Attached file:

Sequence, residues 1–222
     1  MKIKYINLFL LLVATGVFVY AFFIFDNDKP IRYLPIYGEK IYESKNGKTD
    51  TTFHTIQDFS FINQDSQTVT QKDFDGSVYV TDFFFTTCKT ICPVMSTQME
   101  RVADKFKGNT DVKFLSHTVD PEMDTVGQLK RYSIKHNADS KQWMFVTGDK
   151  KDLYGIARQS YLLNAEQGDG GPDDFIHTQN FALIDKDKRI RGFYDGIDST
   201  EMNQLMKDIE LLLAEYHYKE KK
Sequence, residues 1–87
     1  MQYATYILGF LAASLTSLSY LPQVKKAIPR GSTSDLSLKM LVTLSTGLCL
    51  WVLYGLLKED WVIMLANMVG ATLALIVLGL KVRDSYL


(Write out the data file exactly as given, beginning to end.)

Sequence, residues 1–222
     1  MKIKYINLFL LLVATGVFVY AFFIFDNDKP IRYLPIYGEK IYESKNGKTD
    51  TTFHTIQDFS FINQDSQTVT QKDFDGSVYV TDFFFTTCKT ICPVMSTQME
   101  RVADKFKGNT DVKFLSHTVD PEMDTVGQLK RYSIKHNADS KQWMFVTGDK
   151  KDLYGIARQS YLLNAEQGDG GPDDFIHTQN FALIDKDKRI RGFYDGIDST
   201  EMNQLMKDIE LLLAEYHYKE KK
Sequence, residues 1–87
     1  MQYATYILGF LAASLTSLSY LPQVKKAIPR GSTSDLSLKM LVTLSTGLCL
    51  WVLYGLLKED WVIMLANMVG ATLALIVLGL KVRDSYL